A few weeks back I declared a renewed focus on soup, which can be gussied up, slimmed down or fattened with ease. Bonus: It is budget-friendly.
And as the New Year turned, I began to think about what I’d like to do more of here, and less of here. Food is, obviously, key to survival, and my kid needs extra calories and nutritional attention due to his medical issues. I’m trying to slim it on down, and Mark and Laila are the pickiest eaters on the planet. I find no joy in baking. I am interested in upping my cooking game as in the right frame of mind I find it – dare I say – like a form of free therapy! Yet we are so pressed for time it’s not even funny haha.
Where does that leave me?
There are so many bloggers who do food waaaaay better than me. Pioneer Woman, anyone? The niche I can carve out is for the set of moms and dads and busy people who need to get dinner on the table like an Indy 500 team needs to get a race car tire changed.
My goal is to get a weekend post up on some big batch we’re cooking up, and then sprinkle in super-easy recipes and occasional reviews of products that help real working people with kids get real food on the table real fast. Farm to table? HAHAHAHAH. Try box or bag to table, revamped leftovers and other hacks.
I always write here under severe time limitations, so let’s call this an experiment and see how it goes! I hope I can keep it up!
Enough blathering. Here’s my first foray!
Minnesota Heartland Eleven Bean Soup mix.
Roughly $6 from Braum’s will get you 10-12 servings, not including the meat add-ins. It’s on sale at frontiersoups.com for the same price, but on amazon.com, the price varied widely, so be choosey!
GMO-free ingredients, low-sodium, gluten free if you’re into that, no preservatives or MSG, easy to make.
Our legume pals are a protein-rich, full of iron, complex carbs and fiber and other nutrients. Beans are basically a budget-friendly superfood!
Beans are a good way to set your plate right as Dietary Guidelines for Americans note that nutrients found in beans are are among those most of us don’t get enough of.
Long cooking time, I didn’t add enough salt (easy to fix that, though).
The instructions are easy enough, but plan to be around your stove for a good 5-hour stretch to knock this puppy out.
I dusted off my big red soup pot from Target. Love my big red soup pot.
Right. Didn’t have a ham hock! Didn’t have a kielbasa. Didn’t have the celery or green pepper! Didn’t feel like going to the store! I did have bacon and frozen chicken, the onion, garlic and canned, diced (and organic!) tomatoes in my pantry. I cooked the bacon while thawing the chicken in the micro. I had about 3/4 of a package on hand and cooked it all half, though I would use only half for the soup. I reserved the fat.
I set the bacon aside and browned the chicken, about three breasts, in the bacon fat.
Why did I do that? I’ve heard browning meat before you throw it into a soup or crock pot will encourage flavors to come out and party.
Ooooh, also, I poured all that reserved bacon fat along with the chicken into the soup, eventually. Fat is flavor’s friend, that’s why! Fat keeps you full. Fat is not the enemy! (Grew up in the low-fat 90s, trying to reverse my mentality!)
The directions are above, I’m just noting my improvisations.
Note: Am prone to improvise while cooking, sometimes to disastrous results! YAY.
Note: Exhausted while cooking this, as it was actually on a Monday, not a Sunday, a week back! Better to do this sort of project on a Sunday if you can swing it. Due to said exhaustion, I threw the chicken into the pot, without cutting it up, at hour 4, rather than waiting until the last half hour. I told my husband to pretty please turn off the oven and put it in a giant container in the fridge because I really needed to go to bed. He did. And that’s what I call romance.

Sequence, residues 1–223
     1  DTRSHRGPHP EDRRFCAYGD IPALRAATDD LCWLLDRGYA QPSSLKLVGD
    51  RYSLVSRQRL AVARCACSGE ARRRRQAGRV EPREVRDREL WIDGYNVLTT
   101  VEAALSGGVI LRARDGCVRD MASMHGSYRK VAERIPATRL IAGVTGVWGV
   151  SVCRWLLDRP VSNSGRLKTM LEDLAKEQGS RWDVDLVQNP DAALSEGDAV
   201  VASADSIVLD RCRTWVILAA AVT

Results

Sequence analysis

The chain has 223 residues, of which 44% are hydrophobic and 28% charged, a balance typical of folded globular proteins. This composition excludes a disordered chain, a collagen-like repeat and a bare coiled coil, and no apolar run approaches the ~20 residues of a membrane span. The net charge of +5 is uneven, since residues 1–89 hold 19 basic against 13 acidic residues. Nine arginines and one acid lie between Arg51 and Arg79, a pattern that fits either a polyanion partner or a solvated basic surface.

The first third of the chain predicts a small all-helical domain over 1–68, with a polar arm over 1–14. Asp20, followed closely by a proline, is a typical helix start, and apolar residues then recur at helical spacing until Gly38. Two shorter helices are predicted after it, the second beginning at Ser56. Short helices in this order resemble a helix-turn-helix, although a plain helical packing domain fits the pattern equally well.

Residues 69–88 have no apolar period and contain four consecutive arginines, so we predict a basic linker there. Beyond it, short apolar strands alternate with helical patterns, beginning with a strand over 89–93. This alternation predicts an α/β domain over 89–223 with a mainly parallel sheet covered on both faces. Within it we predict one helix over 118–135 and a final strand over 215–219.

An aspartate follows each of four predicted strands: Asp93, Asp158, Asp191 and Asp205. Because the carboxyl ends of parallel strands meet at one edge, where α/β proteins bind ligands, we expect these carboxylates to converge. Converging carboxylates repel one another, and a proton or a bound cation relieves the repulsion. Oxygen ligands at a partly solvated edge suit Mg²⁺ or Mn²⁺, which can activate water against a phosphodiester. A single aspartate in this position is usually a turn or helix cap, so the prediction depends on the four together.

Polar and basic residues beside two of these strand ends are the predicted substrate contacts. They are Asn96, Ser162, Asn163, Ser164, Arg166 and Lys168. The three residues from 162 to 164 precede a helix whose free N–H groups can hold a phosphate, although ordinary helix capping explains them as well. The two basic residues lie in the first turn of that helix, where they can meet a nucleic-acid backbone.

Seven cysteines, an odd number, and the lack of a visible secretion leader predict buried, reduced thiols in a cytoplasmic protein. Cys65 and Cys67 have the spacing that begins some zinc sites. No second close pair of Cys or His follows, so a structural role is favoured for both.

After my, shall we say, ample suite of improvisations, I lived in fear that I had made a vat of flavorless bean primordial ooze.
Imagine my surprise when I lifted that first bite to my mouth and the soup was excellent! Full of flavor! Just the right amount of tomato tangy and smoky. Hoo-ra.
Not perfect, though. It needed more salt.
The chicken was tough. I plucked the breasts out of the soup and diced ’em up into little pieces to fix this hitch. I expected to be able to shred the chicken with a fork. I’m not sure where I went wrong here. Anyone?
I punched up subsequent bowls of my bean soup with avocado, lime juice, salt, cilantro that is somehow still alive in my garden after two ice storms and a snow storm and Louisiana hot sauce. YUM.
Laila loved the soup! By that I mean, she loved it the first time, then refused to eat it!
Eli refused to eat it because he is a threenager.
Mark refused to eat it because he eats like a pregnant woman.
I ate a lot of bean soup this week. I loved my bean soup. What is wrong with my family members? Don’t answer that.
The recipe left me with a vat of soup and only one person actually diving into it. ME. Hmmm.
I used one larger tupperware to store five cups of my glorious-yet-underappreciated soup. I next used a strip of Duct tape (it’s the best!) and a sharpie to label it. I had three one-cup servings I froze in smaller containers, labeling those also, that I’ll be able to grab for lunch.
Will I make it again?
Because this mixed bean soup got such mixed reviews, I’m going to hold off on making it again soon, but don’t let my weirdly picky eaters discourage you from giving it a try. Mark’s not a fan of beans. Eli is a threenager. Laila – she’s an unpredictable little soul prone to love something one day and despise it the next.
Would it have yielded better results had I followed the directions like an obedient cook? Hmmmmmmm.
The question is – will you give this soup a try?